[20 April 1775]
I do hereby certifie that the Bearer Mr. Philemon Waters was a Soldier at the battle of the Great Meadows in the year 1754, and that he this day applied to me to receive his claim to Land under Mr. Dinwiddie’s proclamation of 1754. But as the 200,000 acres granted by that proclamation hath been long since surveyed, distributed and patents issued in the names of those who put in their claim before Novr. 1773, it is not in my power to give him any relief now.1
Given under my hand this 20th day of April, 1775.
Greene, Winchester description begins Katherine Glass Greene. Winchester, Virginia, and Its Beginnings, 1743–1814. Strasburg, Va., 1926. description ends , 196. The document is designated “Copy.”
Philemon Waters, Jr. (1734–1796), was born in Prince William County but by 1765 had moved to South Carolina. He kept a livery stable in Charleston but accumulated over the years large grants of land in South Carolina, and during and after the Revolution became a prominent citizen serving in both houses of the legislature and in various other public offices in the state. In 1754 Waters had served in GW’s old Virginia Regiment, and he fired the first shot at the enemy at the action at Fort Necessity.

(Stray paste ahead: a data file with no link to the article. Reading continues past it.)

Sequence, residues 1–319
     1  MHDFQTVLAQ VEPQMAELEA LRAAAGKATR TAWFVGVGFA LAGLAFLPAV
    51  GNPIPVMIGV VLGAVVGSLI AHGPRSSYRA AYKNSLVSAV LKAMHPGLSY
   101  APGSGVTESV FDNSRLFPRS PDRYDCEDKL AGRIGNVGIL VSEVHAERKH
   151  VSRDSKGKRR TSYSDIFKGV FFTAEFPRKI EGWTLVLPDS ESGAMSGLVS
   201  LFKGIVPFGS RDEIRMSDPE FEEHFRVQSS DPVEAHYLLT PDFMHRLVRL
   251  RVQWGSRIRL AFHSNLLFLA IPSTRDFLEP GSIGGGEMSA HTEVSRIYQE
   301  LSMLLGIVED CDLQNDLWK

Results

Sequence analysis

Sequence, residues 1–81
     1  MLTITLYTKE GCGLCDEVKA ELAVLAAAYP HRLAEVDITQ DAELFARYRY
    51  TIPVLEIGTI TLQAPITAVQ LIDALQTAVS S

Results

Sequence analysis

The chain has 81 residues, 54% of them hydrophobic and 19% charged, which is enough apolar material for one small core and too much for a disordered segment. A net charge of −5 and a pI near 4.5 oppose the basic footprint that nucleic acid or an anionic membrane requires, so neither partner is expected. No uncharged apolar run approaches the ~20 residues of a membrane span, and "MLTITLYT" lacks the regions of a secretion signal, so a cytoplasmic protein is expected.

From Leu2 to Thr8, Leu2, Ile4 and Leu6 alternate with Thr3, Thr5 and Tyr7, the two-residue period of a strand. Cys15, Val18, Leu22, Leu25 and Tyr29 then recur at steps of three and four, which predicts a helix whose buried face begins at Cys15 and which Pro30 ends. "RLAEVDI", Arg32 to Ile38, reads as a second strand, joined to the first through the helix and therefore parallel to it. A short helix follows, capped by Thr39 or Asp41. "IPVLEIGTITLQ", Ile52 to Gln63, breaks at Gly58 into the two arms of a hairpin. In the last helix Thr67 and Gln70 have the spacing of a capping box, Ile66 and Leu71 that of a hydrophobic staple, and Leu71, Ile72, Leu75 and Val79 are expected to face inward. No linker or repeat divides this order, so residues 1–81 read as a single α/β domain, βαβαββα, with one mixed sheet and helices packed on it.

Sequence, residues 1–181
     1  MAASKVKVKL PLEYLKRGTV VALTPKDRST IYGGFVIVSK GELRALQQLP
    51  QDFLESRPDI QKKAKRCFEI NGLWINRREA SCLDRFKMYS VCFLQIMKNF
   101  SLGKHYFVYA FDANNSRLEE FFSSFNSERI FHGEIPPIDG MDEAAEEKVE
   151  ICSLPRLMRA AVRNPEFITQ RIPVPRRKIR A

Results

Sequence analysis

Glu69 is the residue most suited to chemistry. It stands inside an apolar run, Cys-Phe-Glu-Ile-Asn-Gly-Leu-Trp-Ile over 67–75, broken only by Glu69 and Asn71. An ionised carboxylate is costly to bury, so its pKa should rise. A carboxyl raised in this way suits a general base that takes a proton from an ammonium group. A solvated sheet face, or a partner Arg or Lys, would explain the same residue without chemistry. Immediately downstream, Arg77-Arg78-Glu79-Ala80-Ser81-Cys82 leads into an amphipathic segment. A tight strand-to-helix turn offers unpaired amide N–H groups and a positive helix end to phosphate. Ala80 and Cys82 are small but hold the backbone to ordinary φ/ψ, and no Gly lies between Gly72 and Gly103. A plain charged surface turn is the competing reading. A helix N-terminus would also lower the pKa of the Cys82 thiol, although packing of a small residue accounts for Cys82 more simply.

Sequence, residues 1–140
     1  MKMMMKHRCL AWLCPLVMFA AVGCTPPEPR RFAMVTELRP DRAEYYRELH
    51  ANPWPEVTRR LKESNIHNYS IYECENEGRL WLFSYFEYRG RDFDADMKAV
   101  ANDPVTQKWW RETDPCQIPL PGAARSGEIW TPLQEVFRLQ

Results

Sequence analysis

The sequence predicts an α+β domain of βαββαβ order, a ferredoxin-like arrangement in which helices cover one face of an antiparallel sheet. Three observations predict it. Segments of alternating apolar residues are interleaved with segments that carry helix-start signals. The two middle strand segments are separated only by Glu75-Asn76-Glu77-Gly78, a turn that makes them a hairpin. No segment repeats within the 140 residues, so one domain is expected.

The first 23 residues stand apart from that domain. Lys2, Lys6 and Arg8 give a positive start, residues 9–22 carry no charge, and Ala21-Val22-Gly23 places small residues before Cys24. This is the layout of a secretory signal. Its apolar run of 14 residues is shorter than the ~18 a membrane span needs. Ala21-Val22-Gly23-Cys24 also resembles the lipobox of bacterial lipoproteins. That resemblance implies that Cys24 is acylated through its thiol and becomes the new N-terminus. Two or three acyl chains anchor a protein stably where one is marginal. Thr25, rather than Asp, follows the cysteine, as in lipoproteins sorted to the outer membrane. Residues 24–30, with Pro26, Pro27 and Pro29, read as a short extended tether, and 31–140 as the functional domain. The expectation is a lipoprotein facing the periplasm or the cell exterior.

1. Waters wrote Adam Stephen on 3 June 1775 that he had been informed recently of the 200,000 acres that had been laid out for veterans of the Fort Necessity campaign and asking whether it would be worth his while to come and claim his property (ibid., 195–96). Stephen informed him on 17 July that he was eligible for 600 acres under the proclamation “and had it depended on me you should have had a double share for firing the first gun at the Enemy that day July 3d. 1754” (ibid., 196). After coming to Alexandria to receive this certificate of service from GW, Waters made oath before Prince William County justice Henry Peyton on 23 May 1775 that he was entitled to land under the 1754 proclamation but “that being a resident of South Carolina he never heard in any manner whatever until about the middle of April last that any time was limited for the several Claimants under the aforesaid proclamation to come in and make good their several claims to the above Lands or he the said Deponent should have used his best endeavours to have entered his Claim in due time” (ibid., 197).